Our problem with most of the initiatives taken by the MPC at their last meeting was that the favoured recipes seemed rather Delia Smith vintage and, may bring about exactly the opposite result to that intended. It was noticeable that Mark Carney was keen to parade Andy Haldane, the Bank of England Chief Economist, as the designer of the package – a man who has had no experience of working in the wider world, having joined the Bank of England straight after leaving university. We suspect that few people would have had any objections to the Bank purchasing corporate bonds, the only real quibble being that the amount is so limited as to be irrelevant. Nor are they likely to have many reservations on the latest Term Lending Scheme, although how well this will work, with no apparent reward to the banks in passing on the low rates directly to borrowers, is currently difficult to comprehend.
Andy Haldane suggested that the decision to cut the base rate to 0.25% would save hundreds of thousands of jobs. It would be interesting if he could provide some detail to justify such a claim. We have spoken to several of our corporate clients, none of whom considered the base rate cut to have any relevance to employment levels. The previous Governor, Mervyn King, is equally dismissive of any claim that, when rates are already at minimal levels, a further miniscule adjustment is going to make any impact on corporate employment strategy. It will, of course, have a major impact on those pensioners who are reliant on interest income for their economic survival. Perhaps the GfK consumer confidence index includes an overly high percentage of pensioners.
If the validity of the rate cut is suspect, the rationale for another chunk of QE is much more questionable, which is probably why three MPC members voted against it. The original tranche of QE may have had a beneficial effect in encouraging corporates to invest. Since then however, all it has done is flatten the yield curve so that 10 year gilts now trade at 0.67%. QE has simply produced round-tripping so that the gilts sold by the institutions have been replaced by the purchase of other assets bearing long-term income such as property. There is absolutely no sign of QE promoting capital investment by corporates (which is its avowed purpose); it just increases the wealth of those who are already resource-rich. This is just asset bubble growth, which does not translate into real economic growth for the UK.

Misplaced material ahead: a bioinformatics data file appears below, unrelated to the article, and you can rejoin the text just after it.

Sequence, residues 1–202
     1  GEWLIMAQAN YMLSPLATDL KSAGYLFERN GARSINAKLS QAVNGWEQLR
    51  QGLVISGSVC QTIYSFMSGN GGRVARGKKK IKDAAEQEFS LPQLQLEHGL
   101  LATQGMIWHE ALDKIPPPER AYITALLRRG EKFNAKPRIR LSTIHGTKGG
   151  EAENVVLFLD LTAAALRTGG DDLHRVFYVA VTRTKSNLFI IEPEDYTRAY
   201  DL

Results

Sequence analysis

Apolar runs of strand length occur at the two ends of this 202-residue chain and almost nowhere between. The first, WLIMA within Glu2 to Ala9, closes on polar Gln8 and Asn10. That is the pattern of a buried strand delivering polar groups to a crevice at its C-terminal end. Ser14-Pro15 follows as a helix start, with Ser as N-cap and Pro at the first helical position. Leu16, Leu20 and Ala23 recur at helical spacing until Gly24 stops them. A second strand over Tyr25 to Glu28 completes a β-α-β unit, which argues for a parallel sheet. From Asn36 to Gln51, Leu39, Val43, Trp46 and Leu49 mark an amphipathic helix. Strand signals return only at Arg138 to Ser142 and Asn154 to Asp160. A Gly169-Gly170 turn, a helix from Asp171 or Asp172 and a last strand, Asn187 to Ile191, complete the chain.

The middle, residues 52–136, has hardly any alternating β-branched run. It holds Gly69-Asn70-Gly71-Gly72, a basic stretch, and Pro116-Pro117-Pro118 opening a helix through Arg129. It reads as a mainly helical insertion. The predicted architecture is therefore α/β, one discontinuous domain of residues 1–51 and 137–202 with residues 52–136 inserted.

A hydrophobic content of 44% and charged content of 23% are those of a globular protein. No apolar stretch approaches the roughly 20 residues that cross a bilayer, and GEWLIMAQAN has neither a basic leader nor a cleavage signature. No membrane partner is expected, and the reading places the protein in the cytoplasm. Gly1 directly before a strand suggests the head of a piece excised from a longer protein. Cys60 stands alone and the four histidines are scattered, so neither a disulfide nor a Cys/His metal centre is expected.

In a dull week for economic information, the UK will release the latest money supply figures today. Tomorrow will see the latest GfK consumer confidence survey released, which is expected to fall back from last month’s – 12. Similarly, the Markit/CIPS surveys for manufacturing and construction are out on Thursday and Friday respectively. The market is expecting a particularly strong reaction to last month’s manufacturing figures, with a rise from 48.2 to at least 49 and, just possibly, a return to positive territory.
At the end of the day, whatever country you look at, monetary policy is almost at the end of its ability to dictate economic policy. Sensible and effective fiscal policies are well overdue.
All views expressed in this bulletin are the author’s own and are based on information available at the time of writing